Osprey Soars in New Mural at Ship Bottom Hotel

Artwork Designed to Help Wildlife Conservation Movement
By MONIQUE M. DEMOPOULOS | Aug 14, 2019
Photo by: Ryan Morrill

Ship Bottom — Drifting Sands Hotel in Ship Bottom is the new home to a beloved native bird, the osprey, in a two-story artwork painted last Friday, Aug. 9 by Pennsylvania muralist Evan Lovett. The environmental scene featuring the osprey is on the hotel’s north wall.

According to Lovett, the mural is intended to promote and celebrate the Osprey Project, led by Ben Wurst of the Conservation Wildlife Foundation of New Jersey, which manages and protects osprey populations throughout the Garden State. The live installment was filmed as part of Lovett’s ongoing documentary series, which aims to shed light on the who, how and why of critical conservation work.

Lovett has been a professional artist for over 15 years, and his murals can be seen all over the world. While based in Philadelphia, where he also works as a tattoo artist, he is originally a native of South Jersey. As such, the Osprey Project is especially sentimental for him. The Osprey Project will be the third of Lovett’s ongoing mini-doc series, following his first documentary on the Red Wolf Sanctuary, in Rising Sun, Ind., and his second on the Pennsylvania Bat Rescue organization.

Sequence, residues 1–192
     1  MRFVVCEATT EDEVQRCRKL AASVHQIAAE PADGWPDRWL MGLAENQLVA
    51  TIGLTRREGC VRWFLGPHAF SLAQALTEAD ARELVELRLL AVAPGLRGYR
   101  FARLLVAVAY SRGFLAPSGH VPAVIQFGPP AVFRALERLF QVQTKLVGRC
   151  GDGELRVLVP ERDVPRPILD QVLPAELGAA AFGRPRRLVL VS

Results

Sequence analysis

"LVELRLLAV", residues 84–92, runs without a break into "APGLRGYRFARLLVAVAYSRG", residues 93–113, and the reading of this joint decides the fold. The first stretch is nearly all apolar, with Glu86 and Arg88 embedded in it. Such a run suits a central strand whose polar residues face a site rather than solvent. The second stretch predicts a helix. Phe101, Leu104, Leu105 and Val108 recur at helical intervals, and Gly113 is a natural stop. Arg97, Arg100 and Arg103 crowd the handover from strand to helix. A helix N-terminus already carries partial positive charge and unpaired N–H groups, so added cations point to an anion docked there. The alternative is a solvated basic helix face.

Lovett is the creative director of a nonprofit arts advocacy organization called Visual Urban Renewal and Transformation, which aims, in his own words, “to bring larger-than-life murals to local communities, and art classes to children to promote creative thinking and the joy of self-expression.” VURT’s mission statement is “to inspire, unify and renew urban communities through the power of public art and revitalization.”

VURT is headquartered in Kensington, Pa., where Lovett resides, but serves overlooked and underprivileged communities in New Jersey from Trenton down to Atlantic City. “We do work wherever it’s needed,” said Lovett. “Aside from painting public murals for communities,” he explained, “we help support local artists by getting them work. We act as a liaison between companies and a network of artists that we have access to, and help them project-manage.”

In addition to supporting artists, Lovett explained that VURT also helps cultivate new artists by hosting free painting classes, through a program called the Starter Brush Initiative, for students who do not have access to the arts. The initiative is designed for students age 7 to 12, “but it’s not limited, and we really invite their families to come as well and encourage their participation,” he elaborated, “anything to support the creative arts.”